CHICAGO -- This time, the only thing perfect about Mark Buehrle's outing against Tampa Bay was the Rays' approach at the plate.
"We didn't get too greedy," Evan Longoria said. "We just took what he gave us and got some breaks."
Longoria, Jason Bartlett and Sean Rodriguez had three hits apiece as Tampa Bay won for the eighth time in nine games. The attack backed an outstanding performance by Rays rookie Wade Davis (1-1), who allowed two hits in six innings.
Chicago manager Ozzie Guillen gave his team a pep talk after a fifth loss in six games. The last-place White Sox already trail AL Central-leading Minnesota by six games and are batting .217.
"I saw a lot of glum faces and I was kind of worried," Guillen said. "When you look up and see .180, .190, .200, .210, you want to hit .300 in one at-bat. That's hard to do. Just take it one at-bat at a time and give it your best shot."
Even having Mr. Perfect in the mound couldn't change Chicago's fortunes.
Buehrle struck out the side in the first inning and retired Carlos Pena on a liner to open the second -- making it 31 up and 31 down in the lefty's past two games against the Rays -- before B.J. Upton poked a double down the right-field line.
It was the first of several soft, opposite-field hits for the Rays.
"He pitches to the outside part of the plate and we didn't try to pull him," Upton said. "We were a lot smarter against him this time."
Buehrle (2-2), who allowed six runs on nine hits in 4 2/3 innings, said both the perfect game and Wednesday's outcome illustrate baseball's luck factor.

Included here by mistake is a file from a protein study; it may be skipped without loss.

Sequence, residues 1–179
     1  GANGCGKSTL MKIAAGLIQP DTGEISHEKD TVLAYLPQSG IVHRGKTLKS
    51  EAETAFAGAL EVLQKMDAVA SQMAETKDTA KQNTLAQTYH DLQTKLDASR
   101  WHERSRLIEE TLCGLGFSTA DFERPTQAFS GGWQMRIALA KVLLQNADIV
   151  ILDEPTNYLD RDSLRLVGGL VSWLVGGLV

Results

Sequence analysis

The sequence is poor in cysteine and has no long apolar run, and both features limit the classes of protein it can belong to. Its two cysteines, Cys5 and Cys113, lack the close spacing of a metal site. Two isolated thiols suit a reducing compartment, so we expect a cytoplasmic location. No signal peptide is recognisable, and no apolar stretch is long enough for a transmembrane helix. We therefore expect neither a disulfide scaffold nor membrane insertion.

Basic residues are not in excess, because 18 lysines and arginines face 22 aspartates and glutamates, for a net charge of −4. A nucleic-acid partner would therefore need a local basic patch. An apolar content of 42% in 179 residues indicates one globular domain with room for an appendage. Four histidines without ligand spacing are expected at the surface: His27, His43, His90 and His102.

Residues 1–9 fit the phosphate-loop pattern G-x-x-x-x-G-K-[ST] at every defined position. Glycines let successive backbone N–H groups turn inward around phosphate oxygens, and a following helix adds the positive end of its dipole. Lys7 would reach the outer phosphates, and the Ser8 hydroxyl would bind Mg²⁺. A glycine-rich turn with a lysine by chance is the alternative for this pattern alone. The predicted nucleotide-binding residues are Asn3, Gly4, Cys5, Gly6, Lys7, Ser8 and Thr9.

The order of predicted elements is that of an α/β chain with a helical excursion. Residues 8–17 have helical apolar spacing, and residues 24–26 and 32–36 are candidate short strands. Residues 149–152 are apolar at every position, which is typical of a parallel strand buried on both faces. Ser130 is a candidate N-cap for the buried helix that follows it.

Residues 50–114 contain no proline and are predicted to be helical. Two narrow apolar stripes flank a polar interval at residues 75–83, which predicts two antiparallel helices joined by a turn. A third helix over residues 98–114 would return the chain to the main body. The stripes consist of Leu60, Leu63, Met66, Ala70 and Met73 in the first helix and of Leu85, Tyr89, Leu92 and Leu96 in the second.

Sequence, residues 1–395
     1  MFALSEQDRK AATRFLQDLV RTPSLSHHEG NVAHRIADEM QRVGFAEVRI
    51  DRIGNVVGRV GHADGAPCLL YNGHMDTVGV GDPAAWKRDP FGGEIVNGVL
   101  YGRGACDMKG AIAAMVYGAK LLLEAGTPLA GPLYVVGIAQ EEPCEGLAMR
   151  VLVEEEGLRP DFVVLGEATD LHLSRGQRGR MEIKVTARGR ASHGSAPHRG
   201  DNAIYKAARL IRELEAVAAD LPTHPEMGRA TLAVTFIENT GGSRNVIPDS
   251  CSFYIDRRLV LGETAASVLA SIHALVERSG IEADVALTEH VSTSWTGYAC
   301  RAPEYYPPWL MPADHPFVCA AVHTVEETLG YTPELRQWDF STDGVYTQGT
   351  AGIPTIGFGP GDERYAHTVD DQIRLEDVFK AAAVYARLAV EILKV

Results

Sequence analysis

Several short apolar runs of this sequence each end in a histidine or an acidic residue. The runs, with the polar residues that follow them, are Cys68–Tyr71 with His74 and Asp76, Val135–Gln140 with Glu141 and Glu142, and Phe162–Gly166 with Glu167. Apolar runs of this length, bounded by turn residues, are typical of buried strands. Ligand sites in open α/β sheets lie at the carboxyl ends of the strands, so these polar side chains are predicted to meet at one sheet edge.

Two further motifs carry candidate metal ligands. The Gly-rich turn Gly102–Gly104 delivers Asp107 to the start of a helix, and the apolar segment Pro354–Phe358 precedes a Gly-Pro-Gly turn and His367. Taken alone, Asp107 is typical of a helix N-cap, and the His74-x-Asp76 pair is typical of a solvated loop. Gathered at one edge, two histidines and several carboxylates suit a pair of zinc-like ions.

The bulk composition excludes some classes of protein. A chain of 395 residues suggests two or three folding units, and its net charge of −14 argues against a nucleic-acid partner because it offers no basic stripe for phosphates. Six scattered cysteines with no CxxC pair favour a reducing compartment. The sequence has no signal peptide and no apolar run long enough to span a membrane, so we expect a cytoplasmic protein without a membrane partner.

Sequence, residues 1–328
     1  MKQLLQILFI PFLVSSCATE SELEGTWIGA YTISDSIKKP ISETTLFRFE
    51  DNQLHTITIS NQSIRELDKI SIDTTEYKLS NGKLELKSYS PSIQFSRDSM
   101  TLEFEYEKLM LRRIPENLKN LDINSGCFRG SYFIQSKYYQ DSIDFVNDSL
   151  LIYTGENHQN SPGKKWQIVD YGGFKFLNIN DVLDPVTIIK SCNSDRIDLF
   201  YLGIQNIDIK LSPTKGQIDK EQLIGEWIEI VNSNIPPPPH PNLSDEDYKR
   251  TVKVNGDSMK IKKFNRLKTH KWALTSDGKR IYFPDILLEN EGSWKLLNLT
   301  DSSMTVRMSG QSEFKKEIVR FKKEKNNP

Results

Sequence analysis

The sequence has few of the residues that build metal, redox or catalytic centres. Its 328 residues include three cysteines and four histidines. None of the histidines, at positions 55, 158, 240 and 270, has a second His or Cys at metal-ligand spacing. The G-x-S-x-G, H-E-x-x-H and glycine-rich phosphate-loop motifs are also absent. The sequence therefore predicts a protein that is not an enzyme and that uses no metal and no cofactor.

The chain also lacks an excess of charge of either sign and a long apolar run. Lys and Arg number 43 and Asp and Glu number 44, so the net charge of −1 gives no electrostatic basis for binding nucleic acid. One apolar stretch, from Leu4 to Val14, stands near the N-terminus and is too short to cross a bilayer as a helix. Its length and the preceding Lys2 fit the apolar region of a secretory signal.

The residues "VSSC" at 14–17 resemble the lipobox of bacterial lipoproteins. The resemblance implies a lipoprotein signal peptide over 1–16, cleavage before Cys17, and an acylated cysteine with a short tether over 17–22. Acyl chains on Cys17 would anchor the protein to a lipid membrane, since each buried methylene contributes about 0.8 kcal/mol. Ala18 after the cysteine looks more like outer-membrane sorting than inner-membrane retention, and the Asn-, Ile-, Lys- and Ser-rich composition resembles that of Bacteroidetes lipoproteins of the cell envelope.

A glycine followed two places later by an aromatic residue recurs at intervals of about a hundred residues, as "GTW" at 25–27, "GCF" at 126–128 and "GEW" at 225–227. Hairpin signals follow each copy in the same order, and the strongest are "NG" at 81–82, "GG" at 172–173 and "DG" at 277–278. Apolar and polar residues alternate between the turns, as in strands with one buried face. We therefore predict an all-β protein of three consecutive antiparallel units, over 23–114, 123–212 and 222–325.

"If people watched the game, they saw what happened," he said. "But if they didn't, they'd say I got it handed to me. It was just one of those days."
Another difference between Wednesday and July 23: Rodriguez was in Tampa Bay's lineup this time.
Acquired from the Los Angeles Angels last September, Rodriguez was a spring-training sensation with a .460 average and six home runs. During the season, however, he had struggled, entering the game batting .160 with no extra-base hits.
Rodriguez, playing for only the second time in a week, doubled to right in the third and scored the first run on Bartlett's single. His RBI single capped a four-run fourth that broke open the game. He added a three-run homer off Tony Pena during a six-run sixth.
"This guy's got a nice track record of success," Rays manager Joe Maddon said. "Most of it's been in Triple-A but ... his ability's going to translate in the big leagues. Once he gains his confidence here, he's going to play like what you saw in spring training."
Davis allowed Juan Pierre's bunt single to start the game and walked three of the next five batters before settling down. He didn't walk anybody else and the only other hit he allowed was Pierre's line-drive single in the sixth. He struck out six.
"I want to be in their position someday," Davis said. "It's competitive. You've got to bear down."
- In the fourth, Buehrle got Carlos Pena to hit a catchable foul pop but the ball fell between first baseman Paul Konerko and second baseman Gordon Beckham. Pena eventually walked, and soon the rout was on.
- Buehrle had been 8-2 against the Rays.
- Chicago's bullpen went into the game with a best-in-baseball 1.64 ERA but gave up six runs in the sixth. After Randy Williams issued two bases-loaded walks and was yanked, the small crowd that braved the 39-degree night let out a loud, sarcastic cheer when Scott Linebrink threw a strike on his first pitch.
- Tampa Bay's Ben Zobrist didn't start for the first time this season. The outfielder-infielder is batting .115 since April 14. "He's been expanding his strike zone a little," Maddon said. "I just want him to sit and watch a little bit."
- White Sox RF Carlos Quentin went 0 for 4 with two strikeouts and is hitless in his past 20 at-bats.